Why is this medicine prescribed?
Ophthalmic ketorolac is used to treat itchy eyes caused by allergies. It also is used to treat swelling and redness (inflammation) that can occur after cataract surgery. Ketorolac is in a class of medications called nonsteroidal anti-inflammatory drugs (NSAIDs). It works by stopping the release of substances that cause allergy symptoms and inflammation.
Are there other uses for this medicine?
This medication may be prescribed for other uses; ask your doctor or pharmacist for more information.
How should this medicine be used?
Ophthalmic ketorolac comes as a solution (liquid) to instill in the eyes. For allergy symptoms, one drop is usually instilled in the affected eyes four times a day. For inflammation after cataract surgery, one drop is usually instilled in the affected eye four times a day for 2 weeks beginning 24 hours after surgery. Follow the directions on your prescription label carefully, and ask your doctor or pharmacist to explain any part you do not understand. Use ketorolac ophthalmic exactly as directed. Do not use more or less of it or use it more than prescribed by your doctor.
Your allergy symptom (itchy eyes) should improve when you instill the eye drops. If your symptoms do not improve or if they worsen, call your doctor.
For treatment of itchy eyes caused by allergies, continue to use ketorolac eye drops until you are no longer exposed to the substance that causes your symptom, allergy season is over, or your doctor tells you to stop using it.
To instill the eye drops, follow these steps:
- Wash your hands thoroughly with soap and water.
- Check the dropper tip to make sure that it is not chipped or cracked.
- Avoid touching the dropper tip against your eye or anything else; eye drops and droppers must be kept clean.
- While tilting your head back, pull down the lower lid of your eye with your index finger to form a pocket.
- Hold the dropper (tip down) with the other hand, as close to the eye as possible without touching it.
- Brace the remaining fingers of that hand against your face.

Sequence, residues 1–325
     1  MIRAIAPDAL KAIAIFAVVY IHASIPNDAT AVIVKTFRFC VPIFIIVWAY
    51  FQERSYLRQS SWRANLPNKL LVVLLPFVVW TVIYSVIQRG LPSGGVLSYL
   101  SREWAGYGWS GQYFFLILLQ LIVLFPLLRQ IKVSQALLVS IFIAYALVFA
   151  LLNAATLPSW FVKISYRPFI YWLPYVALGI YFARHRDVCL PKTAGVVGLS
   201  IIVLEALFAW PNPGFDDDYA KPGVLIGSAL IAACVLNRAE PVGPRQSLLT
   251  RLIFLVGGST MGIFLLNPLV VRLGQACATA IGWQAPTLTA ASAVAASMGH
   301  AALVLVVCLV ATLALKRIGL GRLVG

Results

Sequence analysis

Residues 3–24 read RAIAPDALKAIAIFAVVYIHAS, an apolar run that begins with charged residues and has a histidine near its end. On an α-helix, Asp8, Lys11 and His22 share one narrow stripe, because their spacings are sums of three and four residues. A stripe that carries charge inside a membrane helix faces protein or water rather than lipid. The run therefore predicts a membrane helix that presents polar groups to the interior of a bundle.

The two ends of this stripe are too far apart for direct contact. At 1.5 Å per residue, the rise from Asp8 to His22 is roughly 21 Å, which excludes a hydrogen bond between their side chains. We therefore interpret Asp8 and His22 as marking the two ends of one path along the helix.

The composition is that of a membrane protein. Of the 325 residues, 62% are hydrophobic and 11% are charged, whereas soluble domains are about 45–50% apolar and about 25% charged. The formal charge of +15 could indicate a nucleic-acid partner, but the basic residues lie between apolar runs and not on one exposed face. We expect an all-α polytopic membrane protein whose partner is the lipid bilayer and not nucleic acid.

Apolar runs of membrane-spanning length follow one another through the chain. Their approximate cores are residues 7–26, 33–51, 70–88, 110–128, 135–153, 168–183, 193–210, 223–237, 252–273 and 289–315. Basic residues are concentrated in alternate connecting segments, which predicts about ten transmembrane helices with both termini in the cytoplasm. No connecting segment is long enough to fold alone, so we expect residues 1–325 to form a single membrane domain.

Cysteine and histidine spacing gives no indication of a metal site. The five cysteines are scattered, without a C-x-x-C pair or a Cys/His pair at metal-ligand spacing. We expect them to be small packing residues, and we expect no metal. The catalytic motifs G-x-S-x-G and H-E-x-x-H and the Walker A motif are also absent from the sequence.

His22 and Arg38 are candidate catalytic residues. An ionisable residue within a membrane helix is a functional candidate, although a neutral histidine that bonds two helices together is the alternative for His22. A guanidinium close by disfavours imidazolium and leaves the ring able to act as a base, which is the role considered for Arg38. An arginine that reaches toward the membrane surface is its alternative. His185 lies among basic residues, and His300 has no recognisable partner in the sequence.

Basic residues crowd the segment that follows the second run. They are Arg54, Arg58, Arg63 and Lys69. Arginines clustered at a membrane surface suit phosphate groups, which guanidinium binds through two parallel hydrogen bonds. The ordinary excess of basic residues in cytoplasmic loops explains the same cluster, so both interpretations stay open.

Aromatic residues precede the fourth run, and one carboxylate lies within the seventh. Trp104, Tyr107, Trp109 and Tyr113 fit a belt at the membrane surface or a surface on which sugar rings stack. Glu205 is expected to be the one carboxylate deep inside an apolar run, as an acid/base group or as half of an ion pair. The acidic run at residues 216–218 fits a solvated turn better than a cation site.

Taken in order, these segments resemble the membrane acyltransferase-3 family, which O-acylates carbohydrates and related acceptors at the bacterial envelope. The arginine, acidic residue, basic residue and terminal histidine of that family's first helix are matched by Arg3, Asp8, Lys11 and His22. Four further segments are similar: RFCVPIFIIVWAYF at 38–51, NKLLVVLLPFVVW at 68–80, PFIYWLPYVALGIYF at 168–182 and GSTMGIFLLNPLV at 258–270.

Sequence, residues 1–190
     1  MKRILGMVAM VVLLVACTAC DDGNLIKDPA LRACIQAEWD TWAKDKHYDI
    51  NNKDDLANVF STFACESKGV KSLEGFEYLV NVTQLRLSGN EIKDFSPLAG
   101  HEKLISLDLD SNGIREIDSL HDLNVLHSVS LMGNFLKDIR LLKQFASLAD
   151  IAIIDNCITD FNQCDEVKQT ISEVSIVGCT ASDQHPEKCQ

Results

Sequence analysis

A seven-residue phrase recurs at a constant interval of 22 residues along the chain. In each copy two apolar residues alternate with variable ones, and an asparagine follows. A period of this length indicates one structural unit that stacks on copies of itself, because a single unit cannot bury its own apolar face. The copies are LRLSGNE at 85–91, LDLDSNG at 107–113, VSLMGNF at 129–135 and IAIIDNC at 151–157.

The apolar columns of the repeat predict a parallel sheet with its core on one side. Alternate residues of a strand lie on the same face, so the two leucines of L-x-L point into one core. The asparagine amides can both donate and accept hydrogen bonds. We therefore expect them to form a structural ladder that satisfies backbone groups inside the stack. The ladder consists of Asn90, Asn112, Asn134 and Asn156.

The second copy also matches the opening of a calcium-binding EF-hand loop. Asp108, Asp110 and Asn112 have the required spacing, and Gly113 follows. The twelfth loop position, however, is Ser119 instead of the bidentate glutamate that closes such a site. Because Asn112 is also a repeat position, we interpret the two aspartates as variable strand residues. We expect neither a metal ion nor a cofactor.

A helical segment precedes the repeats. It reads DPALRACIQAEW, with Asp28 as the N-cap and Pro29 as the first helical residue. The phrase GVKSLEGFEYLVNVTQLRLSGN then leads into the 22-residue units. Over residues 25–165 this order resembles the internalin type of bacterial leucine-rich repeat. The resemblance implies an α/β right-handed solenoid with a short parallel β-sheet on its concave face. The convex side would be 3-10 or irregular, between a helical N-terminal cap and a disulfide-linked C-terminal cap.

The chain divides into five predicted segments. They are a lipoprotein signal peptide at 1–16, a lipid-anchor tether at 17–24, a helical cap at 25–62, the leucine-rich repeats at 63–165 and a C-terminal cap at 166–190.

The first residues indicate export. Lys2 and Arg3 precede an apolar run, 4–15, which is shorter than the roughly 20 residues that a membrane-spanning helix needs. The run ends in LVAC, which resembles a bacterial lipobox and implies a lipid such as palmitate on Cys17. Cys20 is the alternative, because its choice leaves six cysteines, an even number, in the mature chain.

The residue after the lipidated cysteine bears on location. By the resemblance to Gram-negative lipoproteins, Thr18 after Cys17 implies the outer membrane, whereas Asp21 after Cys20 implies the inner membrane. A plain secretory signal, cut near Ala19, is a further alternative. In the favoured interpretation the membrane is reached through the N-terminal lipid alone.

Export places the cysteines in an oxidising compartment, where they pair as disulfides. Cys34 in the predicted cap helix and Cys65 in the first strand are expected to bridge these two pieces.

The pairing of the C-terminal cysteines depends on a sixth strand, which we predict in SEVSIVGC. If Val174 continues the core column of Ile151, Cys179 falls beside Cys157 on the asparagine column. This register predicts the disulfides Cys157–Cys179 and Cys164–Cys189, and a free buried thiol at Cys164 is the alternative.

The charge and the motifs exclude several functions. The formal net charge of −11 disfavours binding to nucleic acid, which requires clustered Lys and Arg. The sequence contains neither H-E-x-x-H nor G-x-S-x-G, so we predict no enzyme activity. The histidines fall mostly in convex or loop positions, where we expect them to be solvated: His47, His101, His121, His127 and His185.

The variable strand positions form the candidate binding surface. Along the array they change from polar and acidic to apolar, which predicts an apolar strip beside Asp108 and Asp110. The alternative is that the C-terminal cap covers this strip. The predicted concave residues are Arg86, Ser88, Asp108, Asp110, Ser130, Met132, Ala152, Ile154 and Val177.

- While looking up, gently squeeze the dropper so that a single drop falls into the pocket made by the lower eyelid. Remove your index finger from the lower eyelid.
- Close your eye for 2 to 3 minutes and tip your head down as though looking at the floor. Try not to blink or squeeze your eyelids.
- Place a finger on the tear duct and apply gentle pressure.
- Wipe any excess liquid from your face with a tissue.
- If you are to use more than one drop in the same eye, wait at least 5 minutes before instilling the next drop.
- Replace and tighten the cap on the dropper bottle. Do not wipe or rinse the dropper tip.
- Wash your hands to remove any medication.
What special precautions should I follow?
Before using ketorolac eye drops,
- tell your doctor or pharmacist if you are allergic to ketorolac, aspirin, or any other medications.
- tell your doctor and pharmacist what other prescription and nonprescription medications, vitamins, nutritional supplements, and herbal products you are taking or plan to take. Be sure to mention any of the following: anticoagulants ('blood thinners') such as warfarin (Coumadin); aspirin; nonsteroidal anti-inflammatory agents, such as celecoxib (Celebrex), diclofenac (Voltaren), etodolac (Lodine), fenoprofen (Nalfon), flurbiprofen (Ansaid), ibuprofen (Advil, Motrin, Midol), indomethacin (Indocin), ketoprofen (Orudis, Oruvail), ketorolac (Toradol), meclofenamate, mefenamic (Ponstel), nabumetone (Relafen), naproxen (Aleve, Naprosyn), oxaprozin (Daypro), Piroxicam (Feldene), sulindac (Clinoril), and tolmetin (Tolectin).